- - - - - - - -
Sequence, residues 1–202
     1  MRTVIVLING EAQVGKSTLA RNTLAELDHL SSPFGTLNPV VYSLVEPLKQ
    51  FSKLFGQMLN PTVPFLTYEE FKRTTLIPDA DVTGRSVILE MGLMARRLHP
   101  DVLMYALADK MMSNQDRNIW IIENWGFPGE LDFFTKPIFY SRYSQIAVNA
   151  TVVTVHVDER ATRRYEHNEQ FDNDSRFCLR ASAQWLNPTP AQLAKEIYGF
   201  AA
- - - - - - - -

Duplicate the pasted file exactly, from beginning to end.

Sequence, residues 1–202
     1  MRTVIVLING EAQVGKSTLA RNTLAELDHL SSPFGTLNPV VYSLVEPLKQ
    51  FSKLFGQMLN PTVPFLTYEE FKRTTLIPDA DVTGRSVILE MGLMARRLHP
   101  DVLMYALADK MMSNQDRNIW IIENWGFPGE LDFFTKPIFY SRYSQIAVNA
   151  TVVTVHVDER ATRRYEHNEQ FDNDSRFCLR ASAQWLNPTP AQLAKEIYGF
   201  AA